The Pump House Steam Museum (PHSM) is a cultural facility owned by the City of Kingston, part of its Museums Network. This property is designated as being of historic and/or architectural significance under the Ontario Heritage Act.
The PHSM is undergoing a multi-year program of renewal, rehabilitation, and retrofit to better serve the City. MTBA was retained to review the existing original part of the building (c.1849) known as the “Engineerium”, in order to provide design for and review construction of a fit-up for this under-utilized space, as the Temporary Exhibit Hall, which can be alternately used as a revenue-generating rental space.
This “Engineerium Space” is the only remaining portion from the 1849 limestone Pump House where original elements, building techniques and materials are combined with a unique open space. This set of special characteristics suggests a simple, sophisticated and respectful intervention that fully develops its potential as both an exhibit space with flexibility for mounting of temporary exhibits and further flexibility to act at other times as an income-generating reception, display, and meeting space.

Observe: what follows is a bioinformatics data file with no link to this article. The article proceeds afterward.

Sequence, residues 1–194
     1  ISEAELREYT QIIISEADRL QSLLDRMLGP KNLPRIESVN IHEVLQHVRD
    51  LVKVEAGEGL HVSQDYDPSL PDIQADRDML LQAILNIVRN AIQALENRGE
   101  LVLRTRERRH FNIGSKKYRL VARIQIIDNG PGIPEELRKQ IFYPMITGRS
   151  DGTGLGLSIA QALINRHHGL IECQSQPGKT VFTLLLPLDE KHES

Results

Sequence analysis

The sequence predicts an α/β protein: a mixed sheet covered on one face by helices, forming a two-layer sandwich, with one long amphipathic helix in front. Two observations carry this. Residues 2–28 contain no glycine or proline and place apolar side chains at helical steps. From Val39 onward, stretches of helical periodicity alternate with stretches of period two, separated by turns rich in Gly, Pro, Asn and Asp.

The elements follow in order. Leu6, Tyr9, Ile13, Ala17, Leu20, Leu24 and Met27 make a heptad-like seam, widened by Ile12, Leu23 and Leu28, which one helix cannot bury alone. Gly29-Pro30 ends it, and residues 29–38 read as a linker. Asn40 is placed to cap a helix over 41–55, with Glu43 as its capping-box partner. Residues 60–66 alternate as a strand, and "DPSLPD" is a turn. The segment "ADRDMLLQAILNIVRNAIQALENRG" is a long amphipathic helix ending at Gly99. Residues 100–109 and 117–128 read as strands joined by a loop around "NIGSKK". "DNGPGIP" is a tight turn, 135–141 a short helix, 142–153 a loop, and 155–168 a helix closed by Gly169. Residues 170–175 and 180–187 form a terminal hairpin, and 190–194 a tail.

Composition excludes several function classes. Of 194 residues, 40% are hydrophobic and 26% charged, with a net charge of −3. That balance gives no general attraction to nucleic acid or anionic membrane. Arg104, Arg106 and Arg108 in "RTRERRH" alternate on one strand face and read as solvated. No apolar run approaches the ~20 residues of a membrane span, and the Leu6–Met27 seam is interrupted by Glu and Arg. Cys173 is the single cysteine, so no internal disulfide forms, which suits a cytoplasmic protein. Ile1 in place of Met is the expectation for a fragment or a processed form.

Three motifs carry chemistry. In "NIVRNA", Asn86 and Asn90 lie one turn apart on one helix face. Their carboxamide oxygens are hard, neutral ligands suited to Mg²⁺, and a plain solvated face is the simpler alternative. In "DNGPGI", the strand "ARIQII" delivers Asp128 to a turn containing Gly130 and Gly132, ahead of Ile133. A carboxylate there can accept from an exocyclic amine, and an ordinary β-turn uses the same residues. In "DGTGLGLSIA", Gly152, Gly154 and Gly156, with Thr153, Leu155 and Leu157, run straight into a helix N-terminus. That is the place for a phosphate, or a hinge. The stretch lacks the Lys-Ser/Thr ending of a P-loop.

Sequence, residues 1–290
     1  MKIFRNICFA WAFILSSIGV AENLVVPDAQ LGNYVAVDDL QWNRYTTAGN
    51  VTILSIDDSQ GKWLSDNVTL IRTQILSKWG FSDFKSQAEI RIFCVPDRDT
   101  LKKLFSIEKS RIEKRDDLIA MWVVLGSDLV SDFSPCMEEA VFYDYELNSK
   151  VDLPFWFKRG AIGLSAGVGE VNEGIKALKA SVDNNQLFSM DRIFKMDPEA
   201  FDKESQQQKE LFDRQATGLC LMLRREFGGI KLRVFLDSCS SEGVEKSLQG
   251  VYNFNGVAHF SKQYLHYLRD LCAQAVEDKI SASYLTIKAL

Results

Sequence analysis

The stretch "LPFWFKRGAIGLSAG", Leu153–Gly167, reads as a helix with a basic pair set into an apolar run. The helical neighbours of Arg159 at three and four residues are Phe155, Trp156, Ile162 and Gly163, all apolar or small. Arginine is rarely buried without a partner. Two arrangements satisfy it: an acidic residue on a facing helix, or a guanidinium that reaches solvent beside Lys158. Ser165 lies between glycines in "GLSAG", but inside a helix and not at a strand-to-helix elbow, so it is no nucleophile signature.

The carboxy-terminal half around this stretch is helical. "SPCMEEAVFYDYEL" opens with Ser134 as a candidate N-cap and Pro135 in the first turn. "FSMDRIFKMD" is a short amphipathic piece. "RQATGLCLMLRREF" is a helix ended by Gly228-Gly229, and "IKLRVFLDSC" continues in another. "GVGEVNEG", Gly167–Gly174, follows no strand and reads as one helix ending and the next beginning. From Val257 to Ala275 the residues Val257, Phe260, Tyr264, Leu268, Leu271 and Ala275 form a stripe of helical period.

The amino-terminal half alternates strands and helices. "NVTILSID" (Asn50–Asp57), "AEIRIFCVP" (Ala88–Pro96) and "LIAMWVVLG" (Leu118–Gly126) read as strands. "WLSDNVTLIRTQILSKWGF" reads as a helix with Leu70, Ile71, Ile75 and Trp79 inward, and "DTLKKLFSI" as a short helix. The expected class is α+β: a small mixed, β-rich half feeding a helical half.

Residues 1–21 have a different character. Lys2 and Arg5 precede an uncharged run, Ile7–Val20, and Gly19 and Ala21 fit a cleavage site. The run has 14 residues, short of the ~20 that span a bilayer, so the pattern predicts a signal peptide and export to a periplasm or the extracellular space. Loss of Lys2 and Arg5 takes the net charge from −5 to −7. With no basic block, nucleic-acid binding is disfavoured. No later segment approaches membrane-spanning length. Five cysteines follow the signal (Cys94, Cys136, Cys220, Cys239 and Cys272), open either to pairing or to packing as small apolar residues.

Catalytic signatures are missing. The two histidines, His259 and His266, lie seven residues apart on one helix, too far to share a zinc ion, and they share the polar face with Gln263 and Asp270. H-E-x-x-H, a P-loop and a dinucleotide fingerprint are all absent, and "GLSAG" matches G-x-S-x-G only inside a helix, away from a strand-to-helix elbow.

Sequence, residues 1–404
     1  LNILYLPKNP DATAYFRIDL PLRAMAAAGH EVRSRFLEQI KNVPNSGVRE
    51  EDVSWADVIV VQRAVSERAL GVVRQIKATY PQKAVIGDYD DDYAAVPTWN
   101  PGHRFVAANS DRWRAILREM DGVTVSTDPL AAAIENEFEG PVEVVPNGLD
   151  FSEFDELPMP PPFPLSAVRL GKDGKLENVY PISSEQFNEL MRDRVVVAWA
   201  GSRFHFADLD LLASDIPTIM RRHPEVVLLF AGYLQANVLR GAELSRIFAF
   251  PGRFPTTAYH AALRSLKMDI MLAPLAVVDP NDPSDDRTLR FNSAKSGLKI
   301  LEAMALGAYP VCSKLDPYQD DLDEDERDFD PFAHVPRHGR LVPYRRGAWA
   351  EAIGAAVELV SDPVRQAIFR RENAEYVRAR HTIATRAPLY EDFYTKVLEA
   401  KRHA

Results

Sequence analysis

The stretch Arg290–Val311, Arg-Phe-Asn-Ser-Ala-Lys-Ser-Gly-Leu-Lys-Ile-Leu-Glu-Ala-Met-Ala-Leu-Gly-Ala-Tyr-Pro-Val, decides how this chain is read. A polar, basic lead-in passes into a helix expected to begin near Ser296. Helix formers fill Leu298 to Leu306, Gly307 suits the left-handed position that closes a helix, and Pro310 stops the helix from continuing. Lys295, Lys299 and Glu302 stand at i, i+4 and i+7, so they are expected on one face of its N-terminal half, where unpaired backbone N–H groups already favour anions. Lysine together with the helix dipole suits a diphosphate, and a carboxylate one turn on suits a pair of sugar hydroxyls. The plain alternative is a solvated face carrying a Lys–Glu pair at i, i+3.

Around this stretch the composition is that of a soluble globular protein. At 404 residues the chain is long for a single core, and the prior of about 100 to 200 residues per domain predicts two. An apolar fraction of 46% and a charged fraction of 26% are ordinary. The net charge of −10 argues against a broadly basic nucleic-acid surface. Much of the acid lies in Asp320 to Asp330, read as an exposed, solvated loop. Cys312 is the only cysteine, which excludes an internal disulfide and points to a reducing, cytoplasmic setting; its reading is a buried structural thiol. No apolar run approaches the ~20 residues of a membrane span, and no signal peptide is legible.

As the original stone walls are recognized as one of the most important overall character elements, the design concept proposed a new perimeter floor “trench” alongside the north, south and east stone walls to mark the intersection of new and existing elements. This “trench” will be in fact a gap in the new flooring required to even the floor of the space and therefore will require little or no actual concrete “trenching”. The floor surface will however be continuous as a flush-mounted walkable grille and will cover the gap, much like the existing floor trench is covered by steel plate. New “wall wash” lights located within this perimeter grille will focus the visitor’s attention on the limestone walls’ presence and texture, while providing a neutral back-drop to the exhibits.
With exhibit panels positioned to maximize space use, the room should easily accommodate different occupancies, with some space allocated for service personnel/equipment. The design concept of simplicity/reuse of existing where possible/maximize flexibility, meshes well with the heritage conservation approach of minimal intervention for this rehabilitation project, the proposed concept aims to:
- Optimize the industrial aesthetic by maintaining;
- Utilize industrial materials and devices where possible in the new interventions
- These materials will also simultaneously be durable, low-maintenance, budget-conscious and available locally
- Existing mechanical and electrical systems will be left exposed;